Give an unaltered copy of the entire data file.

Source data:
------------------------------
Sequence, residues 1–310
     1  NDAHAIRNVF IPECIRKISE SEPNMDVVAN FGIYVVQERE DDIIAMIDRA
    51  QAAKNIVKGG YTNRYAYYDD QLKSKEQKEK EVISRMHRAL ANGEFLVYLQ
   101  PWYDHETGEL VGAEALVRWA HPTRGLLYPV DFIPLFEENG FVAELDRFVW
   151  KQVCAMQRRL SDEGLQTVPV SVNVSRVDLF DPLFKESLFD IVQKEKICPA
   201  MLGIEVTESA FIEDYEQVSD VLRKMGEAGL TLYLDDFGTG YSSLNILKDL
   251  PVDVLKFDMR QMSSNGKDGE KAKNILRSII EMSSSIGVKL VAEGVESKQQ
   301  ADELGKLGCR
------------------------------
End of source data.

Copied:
Sequence, residues 1–310
     1  NDAHAIRNVF IPECIRKISE SEPNMDVVAN FGIYVVQERE DDIIAMIDRA
    51  QAAKNIVKGG YTNRYAYYDD QLKSKEQKEK EVISRMHRAL ANGEFLVYLQ
   101  PWYDHETGEL VGAEALVRWA HPTRGLLYPV DFIPLFEENG FVAELDRFVW
   151  KQVCAMQRRL SDEGLQTVPV SVNVSRVDLF DPLFKESLFD IVQKEKICPA
   201  MLGIEVTESA FIEDYEQVSD VLRKMGEAGL TLYLDDFGTG YSSLNILKDL
   251  PVDVLKFDMR QMSSNGKDGE KAKNILRSII EMSSSIGVKL VAEGVESKQQ
   301  ADELGKLGCR